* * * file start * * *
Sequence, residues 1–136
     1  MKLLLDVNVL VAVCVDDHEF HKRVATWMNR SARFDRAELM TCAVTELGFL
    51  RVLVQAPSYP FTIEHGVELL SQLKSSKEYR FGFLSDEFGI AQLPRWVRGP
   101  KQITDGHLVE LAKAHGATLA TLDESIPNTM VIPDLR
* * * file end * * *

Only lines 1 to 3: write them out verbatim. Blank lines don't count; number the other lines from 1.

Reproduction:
Sequence, residues 1–136
     1  MKLLLDVNVL VAVCVDDHEF HKRVATWMNR SARFDRAELM TCAVTELGFL
    51  RVLVQAPSYP FTIEHGVELL SQLKSSKEYR FGFLSDEFGI AQLPRWVRGP